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Engine options, speed, acceleration and refinement

The Combo Life recorded the slowest two-way average 0-60mph time of any car we’ve road tested this year. In isolation, its 14.7sec result needn’t count for much as a sideline criticism of such a simple, utilitarian car.

That time was fully two seconds slower than the 0-62mph claim made for it by Vauxhall, however, and a second and a half down on the heavier, and only marginally more powerful, seven-seat Ford Grand Tourneo Connect we figured in 2014. So even by the sedate standards of the class, this car is quite slow.

Soft suspension is welcome in town, but on A-roads the chassis can be upset by mid-corner bumps. Body roll is only an issue when pushing beyond the car’s remit

The Combo Life’s measured acceleration from 30mph to 70mph also lagged behind that of the larger Ford, with the Vauxhall taking 16.2sec next to 13.9sec for its rival.

The Combo Life’s 184lb ft doesn’t feel like much, then. For the strength of thrust you’d be comfortable depending upon for any proper towing, or when touring with a heavy load, you’d definitely want Vauxhall’s more powerful diesel engine.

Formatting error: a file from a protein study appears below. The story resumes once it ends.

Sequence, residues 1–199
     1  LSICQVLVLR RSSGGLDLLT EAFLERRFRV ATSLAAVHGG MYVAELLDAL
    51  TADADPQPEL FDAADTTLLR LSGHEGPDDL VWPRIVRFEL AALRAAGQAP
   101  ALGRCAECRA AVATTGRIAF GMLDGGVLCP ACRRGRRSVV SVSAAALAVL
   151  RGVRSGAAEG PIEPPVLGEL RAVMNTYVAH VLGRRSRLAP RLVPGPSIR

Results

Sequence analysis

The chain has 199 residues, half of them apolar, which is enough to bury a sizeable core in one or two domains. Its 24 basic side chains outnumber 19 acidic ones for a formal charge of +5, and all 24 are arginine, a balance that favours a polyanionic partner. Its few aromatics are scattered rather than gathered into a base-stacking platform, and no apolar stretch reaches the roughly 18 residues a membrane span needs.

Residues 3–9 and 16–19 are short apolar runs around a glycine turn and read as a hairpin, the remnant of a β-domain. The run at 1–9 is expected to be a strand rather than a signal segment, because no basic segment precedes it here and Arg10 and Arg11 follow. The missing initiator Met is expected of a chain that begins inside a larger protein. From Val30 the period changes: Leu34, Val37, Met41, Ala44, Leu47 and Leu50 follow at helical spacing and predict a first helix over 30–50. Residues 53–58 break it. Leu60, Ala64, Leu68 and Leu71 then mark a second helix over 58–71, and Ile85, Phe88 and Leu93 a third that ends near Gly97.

The as-tested 99bhp engine does at least make this an easy vehicle in which to tool about town running errands. There’s never any need to wring the engine’s neck to keep the car moving along with the traffic, and setting off from the lights and dealing with stop-start queues are painless enough thanks, in part, to sensible pedal weights.

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Once you’re up and running, forward progress is surprisingly smooth. The 1.5-litre diesel pulls with good manners even under load and will continue to spin to around 4000rpm with useful flexibility, although it tails off above that point quite starkly. That the Combo Life’s five-speed manual gearbox is baggy and not particularly tactile to use is obviously less of an issue here than it would be in a two-seat sports car. It’s got that familiar stretchy, imprecise, cable-operated feel of a lot of manual gearboxes fitted to PSA Group cars, although you can easily get used to it and changes are rarely fumbled.

Typically, van-like MPVs aren’t the most refined or hushed vehicles – for all of the practicality they bring, their square shapes often turn the cabin into something of an echo chamber – but the Vauxhall’s relatively hushed interior was praised by more than one tester. A recording of 68dB at a 70mph cruise isn’t what you’d call outstanding, but it’s considerably better than the 71dB figure taken in the Ford, which also had the advantage of a sixth ratio to use on those extended motorway stints.